If people travel great distances to attend a mediation, a two-session process can be problematic, especially for busy clients. People can be creative in arranging participation by phone or video and scheduling some time for lawyers and mediators to meet without the parties. For example, parties might participate remotely in some but not all of the first session and then everyone would convene in person for the second session.
To maximize the benefits of two-stage mediation, participants need to change their expectations about how mediation would work. Mediators would provide information to parties and lawyers when they schedule mediations – and preferably well before then. Indeed, they could post information on their websites explaining the process.
Since the presumption in this approach is that parties will not settle cases during the first session, it can be scheduled to last a specified time, such as a half day. This avoids the need to block out a whole day and to be prepared to mediate late into the night if necessary to nail down an agreement. When people schedule the second mediation sessions, they can have more confidence about the prospects for settlement and the amount of time that would be needed.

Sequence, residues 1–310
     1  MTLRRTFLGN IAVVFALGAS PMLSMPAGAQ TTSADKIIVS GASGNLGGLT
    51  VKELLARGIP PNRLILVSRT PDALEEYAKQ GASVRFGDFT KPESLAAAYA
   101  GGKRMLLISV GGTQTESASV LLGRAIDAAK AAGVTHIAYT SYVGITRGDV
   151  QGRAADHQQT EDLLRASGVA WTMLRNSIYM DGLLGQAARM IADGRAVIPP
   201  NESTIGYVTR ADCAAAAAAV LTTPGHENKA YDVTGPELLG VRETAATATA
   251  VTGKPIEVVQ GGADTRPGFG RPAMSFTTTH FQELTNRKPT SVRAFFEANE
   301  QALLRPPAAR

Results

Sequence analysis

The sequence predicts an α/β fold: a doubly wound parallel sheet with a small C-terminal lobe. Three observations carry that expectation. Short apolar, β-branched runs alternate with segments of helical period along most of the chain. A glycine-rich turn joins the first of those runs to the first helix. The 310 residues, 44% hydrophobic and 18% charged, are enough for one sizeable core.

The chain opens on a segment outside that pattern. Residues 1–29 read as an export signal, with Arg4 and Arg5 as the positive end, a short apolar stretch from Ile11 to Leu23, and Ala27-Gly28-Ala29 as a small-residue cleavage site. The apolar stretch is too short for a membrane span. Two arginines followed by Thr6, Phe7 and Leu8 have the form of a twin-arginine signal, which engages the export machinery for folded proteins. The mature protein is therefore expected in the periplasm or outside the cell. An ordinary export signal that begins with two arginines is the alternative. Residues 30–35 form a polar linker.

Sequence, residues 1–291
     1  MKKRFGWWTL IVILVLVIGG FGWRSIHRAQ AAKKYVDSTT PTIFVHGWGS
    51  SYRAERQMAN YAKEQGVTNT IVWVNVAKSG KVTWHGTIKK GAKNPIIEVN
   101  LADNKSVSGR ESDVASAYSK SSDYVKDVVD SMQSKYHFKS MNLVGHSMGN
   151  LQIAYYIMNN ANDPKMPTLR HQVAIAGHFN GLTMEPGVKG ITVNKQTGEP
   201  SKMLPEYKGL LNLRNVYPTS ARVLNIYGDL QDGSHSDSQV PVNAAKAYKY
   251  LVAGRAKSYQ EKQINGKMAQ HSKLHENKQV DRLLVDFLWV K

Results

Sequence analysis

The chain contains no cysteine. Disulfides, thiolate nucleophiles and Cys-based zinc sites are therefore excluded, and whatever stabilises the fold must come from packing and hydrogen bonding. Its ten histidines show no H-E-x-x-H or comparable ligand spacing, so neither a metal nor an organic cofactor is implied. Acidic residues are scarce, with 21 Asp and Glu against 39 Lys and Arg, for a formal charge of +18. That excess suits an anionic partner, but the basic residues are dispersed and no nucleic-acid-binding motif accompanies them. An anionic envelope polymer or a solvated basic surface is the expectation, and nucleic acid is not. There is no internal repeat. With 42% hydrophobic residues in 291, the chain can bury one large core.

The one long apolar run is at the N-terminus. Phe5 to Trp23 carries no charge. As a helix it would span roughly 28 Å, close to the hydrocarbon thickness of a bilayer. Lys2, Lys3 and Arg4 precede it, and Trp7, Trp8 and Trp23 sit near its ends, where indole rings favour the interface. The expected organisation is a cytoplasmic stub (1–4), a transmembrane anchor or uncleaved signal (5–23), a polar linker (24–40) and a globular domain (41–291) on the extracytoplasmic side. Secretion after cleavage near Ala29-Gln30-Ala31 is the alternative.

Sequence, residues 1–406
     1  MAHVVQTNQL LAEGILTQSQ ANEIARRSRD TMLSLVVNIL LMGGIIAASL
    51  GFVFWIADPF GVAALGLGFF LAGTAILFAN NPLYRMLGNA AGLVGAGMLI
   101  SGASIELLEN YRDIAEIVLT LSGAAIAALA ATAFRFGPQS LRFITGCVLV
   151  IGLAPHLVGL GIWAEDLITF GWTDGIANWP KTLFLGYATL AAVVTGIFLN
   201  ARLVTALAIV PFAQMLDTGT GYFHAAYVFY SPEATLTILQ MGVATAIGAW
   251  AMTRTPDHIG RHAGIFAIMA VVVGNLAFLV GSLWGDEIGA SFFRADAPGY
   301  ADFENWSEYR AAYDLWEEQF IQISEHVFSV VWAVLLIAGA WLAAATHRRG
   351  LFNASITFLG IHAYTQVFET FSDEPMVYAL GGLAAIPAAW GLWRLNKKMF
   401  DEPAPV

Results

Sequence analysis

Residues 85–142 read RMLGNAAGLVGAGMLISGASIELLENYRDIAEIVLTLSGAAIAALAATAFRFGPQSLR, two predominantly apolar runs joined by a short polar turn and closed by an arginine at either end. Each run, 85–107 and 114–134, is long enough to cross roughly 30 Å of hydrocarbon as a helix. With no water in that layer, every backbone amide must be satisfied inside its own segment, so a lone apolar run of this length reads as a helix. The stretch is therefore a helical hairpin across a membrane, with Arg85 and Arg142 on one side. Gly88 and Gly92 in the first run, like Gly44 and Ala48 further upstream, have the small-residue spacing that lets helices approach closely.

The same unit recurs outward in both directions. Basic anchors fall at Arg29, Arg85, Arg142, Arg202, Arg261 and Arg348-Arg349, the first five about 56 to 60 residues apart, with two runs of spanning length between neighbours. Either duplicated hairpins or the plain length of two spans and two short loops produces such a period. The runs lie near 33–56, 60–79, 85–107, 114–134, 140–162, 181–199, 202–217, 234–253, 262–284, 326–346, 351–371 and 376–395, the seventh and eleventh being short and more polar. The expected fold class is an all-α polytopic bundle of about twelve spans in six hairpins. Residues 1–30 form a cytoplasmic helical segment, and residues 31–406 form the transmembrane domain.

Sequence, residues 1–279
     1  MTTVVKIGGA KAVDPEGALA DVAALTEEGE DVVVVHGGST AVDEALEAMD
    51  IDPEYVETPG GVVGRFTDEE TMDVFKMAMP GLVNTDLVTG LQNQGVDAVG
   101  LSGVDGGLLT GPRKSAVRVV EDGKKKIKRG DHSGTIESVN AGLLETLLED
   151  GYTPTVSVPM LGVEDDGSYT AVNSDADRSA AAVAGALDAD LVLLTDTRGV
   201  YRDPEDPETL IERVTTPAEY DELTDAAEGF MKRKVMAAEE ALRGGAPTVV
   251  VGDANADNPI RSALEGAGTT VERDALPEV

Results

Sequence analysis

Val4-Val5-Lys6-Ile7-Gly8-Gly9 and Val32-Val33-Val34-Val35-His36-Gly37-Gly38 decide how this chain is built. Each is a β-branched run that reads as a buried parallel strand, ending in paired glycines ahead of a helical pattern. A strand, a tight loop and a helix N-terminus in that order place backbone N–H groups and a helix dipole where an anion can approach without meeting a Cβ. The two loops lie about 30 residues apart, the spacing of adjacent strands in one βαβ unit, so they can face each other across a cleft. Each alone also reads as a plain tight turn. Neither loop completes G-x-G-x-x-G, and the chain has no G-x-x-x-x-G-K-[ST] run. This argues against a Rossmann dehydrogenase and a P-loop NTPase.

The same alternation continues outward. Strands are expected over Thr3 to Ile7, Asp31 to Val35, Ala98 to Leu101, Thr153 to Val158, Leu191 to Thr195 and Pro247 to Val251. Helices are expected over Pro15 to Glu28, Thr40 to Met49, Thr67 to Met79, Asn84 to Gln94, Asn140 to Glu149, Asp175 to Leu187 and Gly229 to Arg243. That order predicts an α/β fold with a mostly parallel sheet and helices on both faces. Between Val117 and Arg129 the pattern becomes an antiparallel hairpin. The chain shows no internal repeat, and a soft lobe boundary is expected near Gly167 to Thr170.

Risks and Benefits of Two-Stage Mediation
Using a two-stage approach creates a risk that in some cases, parties may not settle in one session simply because of the expectation of a second session. In that situation, parties might (or might not) spend some extra time and money in mediation for an unneeded second session.
On the other hand, a two-stage approach can increase quality of the process and outcome. When parties participate in a second mediation session, they are more likely to have clear ideas about what they are and are not willing to agree to. As a result, they should be less likely to have “buyer’s remorse” or renege on mediated agreements.
Using a two-stage process also should reduce problems from mediators providing their own assessments and pushing too hard to settle. Instead, during the first session, they can identify critical uncertainties and potentially unrealistic assumptions and encourage people to check out their assumptions before the second session.
Many savvy parties would be happy to take a little more time before resolution to get a more deliberate, predictable, and possibly more efficient process. Some mediators would really enjoy managing a two-stage process and providing these benefits to clients.
In the wake of the pandemic, some parties, lawyers, and mediators have extended this logic by using multi-stage mediation processes, which I described in this post.